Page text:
Claims Payment and Management – Manage and track the status of your claims. Coffee Health Group in northwest Alabama uses workflow automation throughout its three main facilities to generate billing files and patient care reports, and manage many departmental reporting processes. The business office realized that the hospital was losing potential revenue from the emergency department (ED) based on a problem with coding nursing assessments. Since there was no designated employee entering the codes for the emergency department, the codes for the thousands of nursing assessments that occur at the hospital each day were often done improperly. This cost the hospital staff valuable time and the hospital lost revenue. Additionally, patient charges need to be posted on the same day for correct billing, resulting in billing delays and inaccuracies.

In response, a spreadsheet of the billing codes for the ED nursing assessments is automatically generated and each assessment is automatically posted every night, with a valid time stamp. Automating this process ensures that a complete, accurate batch posts each night, guaranteeing the billing cycle and maintaining steady and accurate revenue flow. Automation has greatly simplified a process that would have required two full-time employees manually entering billing codes. In addition to reallocating resources where they are most needed, Coffee estimates it has generated about $30,000 of new revenue each month from missed or delayed postings.

Patient Billing and Payment – Replace collection calls and bad debt with prompt payment. One affect of the downturn in the economy is the increase in uninsured patients and bad debt. Helping patients understand their costs up front is a huge step in the collection process. At Coffee Health Group, each night reports are automatically generated that create an individual collection letter for each patient scheduled for treatment the following day. The letters are printed out in three different office locations allowing financial personnel to work directly with the patient by providing an upfront estimated amount that the patient will need to pay.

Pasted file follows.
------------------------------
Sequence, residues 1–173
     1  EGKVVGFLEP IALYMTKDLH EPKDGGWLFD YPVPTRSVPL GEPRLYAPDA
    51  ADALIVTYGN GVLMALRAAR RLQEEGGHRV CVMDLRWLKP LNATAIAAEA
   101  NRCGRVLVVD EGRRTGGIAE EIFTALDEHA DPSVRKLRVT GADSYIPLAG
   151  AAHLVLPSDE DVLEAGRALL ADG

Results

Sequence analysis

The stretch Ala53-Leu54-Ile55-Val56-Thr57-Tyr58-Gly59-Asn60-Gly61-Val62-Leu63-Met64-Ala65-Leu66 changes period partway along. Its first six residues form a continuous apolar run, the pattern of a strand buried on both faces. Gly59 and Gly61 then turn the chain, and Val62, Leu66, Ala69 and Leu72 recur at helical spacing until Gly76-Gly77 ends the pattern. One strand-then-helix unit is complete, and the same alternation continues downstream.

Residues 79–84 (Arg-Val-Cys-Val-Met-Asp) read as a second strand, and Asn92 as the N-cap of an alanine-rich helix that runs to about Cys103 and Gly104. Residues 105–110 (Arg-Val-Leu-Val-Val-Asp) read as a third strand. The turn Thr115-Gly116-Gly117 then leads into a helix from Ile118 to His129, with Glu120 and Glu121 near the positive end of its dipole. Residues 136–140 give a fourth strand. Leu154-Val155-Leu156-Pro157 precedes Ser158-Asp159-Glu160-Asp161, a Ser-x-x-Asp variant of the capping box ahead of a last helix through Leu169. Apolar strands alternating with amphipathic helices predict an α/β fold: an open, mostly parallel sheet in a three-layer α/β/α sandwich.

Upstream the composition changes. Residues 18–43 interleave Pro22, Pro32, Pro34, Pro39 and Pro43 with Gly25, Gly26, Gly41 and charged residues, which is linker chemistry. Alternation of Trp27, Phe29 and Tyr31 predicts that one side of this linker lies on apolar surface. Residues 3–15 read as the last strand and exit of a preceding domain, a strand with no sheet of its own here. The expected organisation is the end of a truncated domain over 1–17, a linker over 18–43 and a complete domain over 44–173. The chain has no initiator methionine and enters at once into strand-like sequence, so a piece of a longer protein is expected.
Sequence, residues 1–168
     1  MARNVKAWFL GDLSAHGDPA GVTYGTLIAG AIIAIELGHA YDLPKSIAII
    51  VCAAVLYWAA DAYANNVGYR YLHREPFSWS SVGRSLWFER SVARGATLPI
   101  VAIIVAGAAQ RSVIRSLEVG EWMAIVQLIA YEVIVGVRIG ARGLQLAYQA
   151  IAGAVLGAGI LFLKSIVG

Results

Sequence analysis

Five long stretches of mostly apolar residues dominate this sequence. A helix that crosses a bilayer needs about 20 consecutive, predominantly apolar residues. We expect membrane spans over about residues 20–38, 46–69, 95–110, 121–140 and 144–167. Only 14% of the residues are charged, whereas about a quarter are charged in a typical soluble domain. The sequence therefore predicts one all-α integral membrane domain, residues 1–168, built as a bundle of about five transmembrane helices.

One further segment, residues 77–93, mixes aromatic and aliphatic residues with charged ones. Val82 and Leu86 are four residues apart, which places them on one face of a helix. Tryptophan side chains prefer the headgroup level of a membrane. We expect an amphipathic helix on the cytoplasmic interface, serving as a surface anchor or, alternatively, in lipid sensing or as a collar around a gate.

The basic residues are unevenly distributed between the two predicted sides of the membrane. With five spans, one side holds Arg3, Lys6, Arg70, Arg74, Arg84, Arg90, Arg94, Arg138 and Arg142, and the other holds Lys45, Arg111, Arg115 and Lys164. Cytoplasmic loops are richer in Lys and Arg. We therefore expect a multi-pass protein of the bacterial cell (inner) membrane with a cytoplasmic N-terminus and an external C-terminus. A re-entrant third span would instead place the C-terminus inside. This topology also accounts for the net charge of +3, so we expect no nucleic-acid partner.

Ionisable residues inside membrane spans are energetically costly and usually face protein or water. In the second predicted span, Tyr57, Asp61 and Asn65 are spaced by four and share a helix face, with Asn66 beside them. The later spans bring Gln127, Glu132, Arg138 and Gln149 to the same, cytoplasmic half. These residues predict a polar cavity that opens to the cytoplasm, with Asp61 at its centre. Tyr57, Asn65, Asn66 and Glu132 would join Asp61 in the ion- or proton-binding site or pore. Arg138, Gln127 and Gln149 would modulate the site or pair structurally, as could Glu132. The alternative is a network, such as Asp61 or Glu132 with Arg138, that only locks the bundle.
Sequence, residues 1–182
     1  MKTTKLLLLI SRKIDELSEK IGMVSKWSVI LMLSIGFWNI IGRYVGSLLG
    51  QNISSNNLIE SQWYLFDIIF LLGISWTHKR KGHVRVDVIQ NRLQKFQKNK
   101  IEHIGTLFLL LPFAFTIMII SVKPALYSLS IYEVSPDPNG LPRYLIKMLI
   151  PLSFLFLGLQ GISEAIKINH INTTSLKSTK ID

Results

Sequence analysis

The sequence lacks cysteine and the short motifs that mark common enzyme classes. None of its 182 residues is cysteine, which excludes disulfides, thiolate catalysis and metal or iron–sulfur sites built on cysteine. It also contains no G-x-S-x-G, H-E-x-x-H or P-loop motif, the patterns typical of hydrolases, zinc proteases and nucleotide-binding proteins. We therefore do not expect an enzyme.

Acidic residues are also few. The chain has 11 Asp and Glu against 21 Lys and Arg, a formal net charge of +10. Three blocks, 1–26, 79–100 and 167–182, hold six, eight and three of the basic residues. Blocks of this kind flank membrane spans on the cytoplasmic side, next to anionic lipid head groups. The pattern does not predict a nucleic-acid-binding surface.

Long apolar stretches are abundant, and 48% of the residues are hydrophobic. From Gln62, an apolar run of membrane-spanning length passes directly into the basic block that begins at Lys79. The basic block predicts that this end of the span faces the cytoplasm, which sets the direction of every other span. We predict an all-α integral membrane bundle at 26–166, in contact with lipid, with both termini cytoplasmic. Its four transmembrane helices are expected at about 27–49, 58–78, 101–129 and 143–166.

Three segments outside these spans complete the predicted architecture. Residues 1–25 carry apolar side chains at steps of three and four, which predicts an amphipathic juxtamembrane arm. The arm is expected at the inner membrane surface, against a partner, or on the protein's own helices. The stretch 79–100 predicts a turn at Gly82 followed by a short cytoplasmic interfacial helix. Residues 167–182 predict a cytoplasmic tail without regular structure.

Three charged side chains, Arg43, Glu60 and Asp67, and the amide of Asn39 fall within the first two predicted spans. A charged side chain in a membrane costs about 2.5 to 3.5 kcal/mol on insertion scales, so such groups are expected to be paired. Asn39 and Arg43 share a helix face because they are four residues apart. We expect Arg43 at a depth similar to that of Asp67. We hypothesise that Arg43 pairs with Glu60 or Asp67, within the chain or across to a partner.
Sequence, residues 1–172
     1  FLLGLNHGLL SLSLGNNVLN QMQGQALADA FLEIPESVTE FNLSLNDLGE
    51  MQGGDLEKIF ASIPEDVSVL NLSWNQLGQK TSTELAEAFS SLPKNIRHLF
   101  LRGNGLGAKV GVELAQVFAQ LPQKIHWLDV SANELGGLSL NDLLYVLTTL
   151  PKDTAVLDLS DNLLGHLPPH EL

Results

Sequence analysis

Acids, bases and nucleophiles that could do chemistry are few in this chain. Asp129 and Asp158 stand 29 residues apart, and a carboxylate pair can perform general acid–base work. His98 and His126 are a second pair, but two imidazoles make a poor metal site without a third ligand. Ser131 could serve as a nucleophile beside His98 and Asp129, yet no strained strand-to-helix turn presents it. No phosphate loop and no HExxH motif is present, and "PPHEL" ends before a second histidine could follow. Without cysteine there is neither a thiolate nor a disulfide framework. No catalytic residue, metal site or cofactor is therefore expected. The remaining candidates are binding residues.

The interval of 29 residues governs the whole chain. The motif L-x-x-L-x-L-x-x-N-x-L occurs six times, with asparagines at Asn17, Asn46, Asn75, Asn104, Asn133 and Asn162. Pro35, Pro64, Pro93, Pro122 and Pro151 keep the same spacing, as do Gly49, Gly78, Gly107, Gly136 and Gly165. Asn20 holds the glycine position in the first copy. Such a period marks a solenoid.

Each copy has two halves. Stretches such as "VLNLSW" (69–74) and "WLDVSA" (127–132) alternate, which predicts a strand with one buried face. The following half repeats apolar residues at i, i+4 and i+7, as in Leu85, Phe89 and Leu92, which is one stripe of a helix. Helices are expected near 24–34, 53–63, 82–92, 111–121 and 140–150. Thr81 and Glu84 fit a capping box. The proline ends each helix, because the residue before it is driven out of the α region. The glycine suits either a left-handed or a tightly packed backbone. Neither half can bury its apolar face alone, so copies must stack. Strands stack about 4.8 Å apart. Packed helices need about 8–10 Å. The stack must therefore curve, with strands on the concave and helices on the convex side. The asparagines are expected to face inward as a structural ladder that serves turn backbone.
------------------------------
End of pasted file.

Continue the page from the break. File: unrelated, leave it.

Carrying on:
Denials Management – Automate remittance advice, increase acceptance and improve collection. Phoebe Putney Memorial Hospital in Albany, Georgia is accelerating the recovery of millions of dollars in claims, reducing days in A/R and consistently reducing its failed claims amount by as much as 86 percent. The business office is using scripting technology to generate, review and clean failed claims reports. A clean report is automatically e-mailed to billers with claims marked as either “released from failed status” or marked as an “exception” that needs human attention. Phoebe Putney is processing 300 claims per hour and the hospital doesn’t need to hire additional full-time employees or pull other resources to help manage the failed claims report.

Take a mental walk through your revenue cycle. Where are people doing a lot of data entry or typing? Where are they typing something that has already been typed? Is what they are doing an efficient use of their time? If their workflow is fairly easy to explain in an instruction manual format or may require decision making but the decisions are not “experience based,” then those processes are very good candidates for automation and they will likely help you recover the revenue you’re due. They might simply be the squeaks in your revenue cycle that could use a little grease.

For more information on
Boston Software Systems,
www.rsleads.com/909ht-208


Margaret Mayer is director, Boston Software Systems.